Firstly, as concerned as most U.S. investors are about the Eurozone instability, there is recognition at a global level that Ireland has taken the right steps in its recovery plan.
Secondly, it demonstrates the importance of a strong track record. Unsurprisingly, corporations making multimillion or billion-dollar investments are generally risk averse.
As such, the initial Irish success of FDI pioneers such as Microsoft, Abbott and Google, gave confidence to the next generation of technology and pharma companies that Ireland could live up to (and exceed) the promises it made to investors.
This is a question of trust, certainly. It is also very much about reaching a critical mass, which encourages potential investors to choose one jurisdiction over another.
Ireland, for example, is now home to eight of the 10 largest pharmaceutical companies in the world, while the "cluster" of ICT firms includes names such as IBM, EMC, Cisco, Oracle, Facebook and Twitter.
As these larger clusters develop, a number of smaller, more niche industries are now reaching a similar scale. In gaming, EA, Blizzard, Riot Games, PopCap and Zynga now have operations in Ireland, with this, in turn, creating a network of support companies which feeds further growth.
The fourth and final cornerstone of Ireland’s FDI proposition, outlined in the EIU study, is talent. Corporations and financial institutions looking to set up new operations want to know that a) they will be able to access a talented pool of staff and b) their senior-level executives will be willing to relocate to run their overseas operations.
Here, the combination of local and imported talent is crucial. Ireland’s base of indigenous, flexible and educated workers has played an important role in attracting investment from the some of the top Fortune 500 companies.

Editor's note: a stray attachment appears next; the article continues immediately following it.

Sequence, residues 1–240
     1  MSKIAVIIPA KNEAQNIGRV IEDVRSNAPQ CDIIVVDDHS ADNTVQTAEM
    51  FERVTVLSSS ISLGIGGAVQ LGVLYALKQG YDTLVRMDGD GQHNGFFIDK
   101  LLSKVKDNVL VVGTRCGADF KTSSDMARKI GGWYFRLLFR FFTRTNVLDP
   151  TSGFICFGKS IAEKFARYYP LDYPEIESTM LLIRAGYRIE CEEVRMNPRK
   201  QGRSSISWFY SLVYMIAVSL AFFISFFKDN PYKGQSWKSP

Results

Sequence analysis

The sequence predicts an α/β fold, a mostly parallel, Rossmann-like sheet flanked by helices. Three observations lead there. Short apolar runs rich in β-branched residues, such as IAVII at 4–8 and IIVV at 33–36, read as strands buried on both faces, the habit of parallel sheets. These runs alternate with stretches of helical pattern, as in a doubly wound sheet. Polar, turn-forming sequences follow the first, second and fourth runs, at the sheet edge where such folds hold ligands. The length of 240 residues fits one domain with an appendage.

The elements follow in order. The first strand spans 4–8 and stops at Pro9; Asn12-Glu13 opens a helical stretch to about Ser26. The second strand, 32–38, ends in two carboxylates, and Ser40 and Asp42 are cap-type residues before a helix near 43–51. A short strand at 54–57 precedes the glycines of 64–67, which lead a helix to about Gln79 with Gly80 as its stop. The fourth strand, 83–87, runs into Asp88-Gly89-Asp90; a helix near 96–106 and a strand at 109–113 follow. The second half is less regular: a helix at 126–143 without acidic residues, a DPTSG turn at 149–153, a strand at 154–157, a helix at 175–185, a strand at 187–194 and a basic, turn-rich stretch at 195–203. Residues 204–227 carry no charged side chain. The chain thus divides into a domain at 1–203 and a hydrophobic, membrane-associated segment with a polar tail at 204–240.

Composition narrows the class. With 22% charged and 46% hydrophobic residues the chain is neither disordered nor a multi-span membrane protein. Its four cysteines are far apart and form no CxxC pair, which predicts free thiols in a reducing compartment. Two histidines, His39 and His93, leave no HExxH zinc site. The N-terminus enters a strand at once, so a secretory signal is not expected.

However, particularly when specialized skills or language requirements exist, being able to draw upon a base of workers from across the European Union (as a result of open labor markets) is essential.
Then there is the question of personal tax. The EIU report shows that high tax rates for top earners can act as a significant disincentive to relocation, with Ireland losing some of its competitiveness here in recent years.
However, the introduction of the Special Assignee Relief Programme (SARP), which provides an exemption of 30 percent of income between €75,000 and €500,000 for employees assigned to work in Ireland, demonstrates the Irish government’s commitment to addressing this issue.
The key point here is that the Irish government is, and must be, genuinely committed to focusing on Ireland's source of competitive advantage. This, in a nutshell, means building on the "strong economic bonds" that President Obama has highlighted, and addressing any barriers or blockages that exist to the further development of these links.
With U.S. investment in Ireland reaching record levels in 2011, the strength of these bonds clearly continues to grow. Improving Ireland's attractiveness as an FDI destination can only help to strengthen them further.
Article written by Pat English, Matheson and originally published on Law360 (www.law360.com)
The Economist Intelligence Unit report, “Investing in Ireland — A survey of foreign direct investors,” referenced in this article, was commissioned by the firm. Click here to download the full report.
The opinions expressed are those of the author and do not necessarily reflect the views of the firm, its clients, or Portfolio Media Inc., or any of its or their respective affiliates. This article is for general information purposes and is not intended to be and should not be taken as legal advice.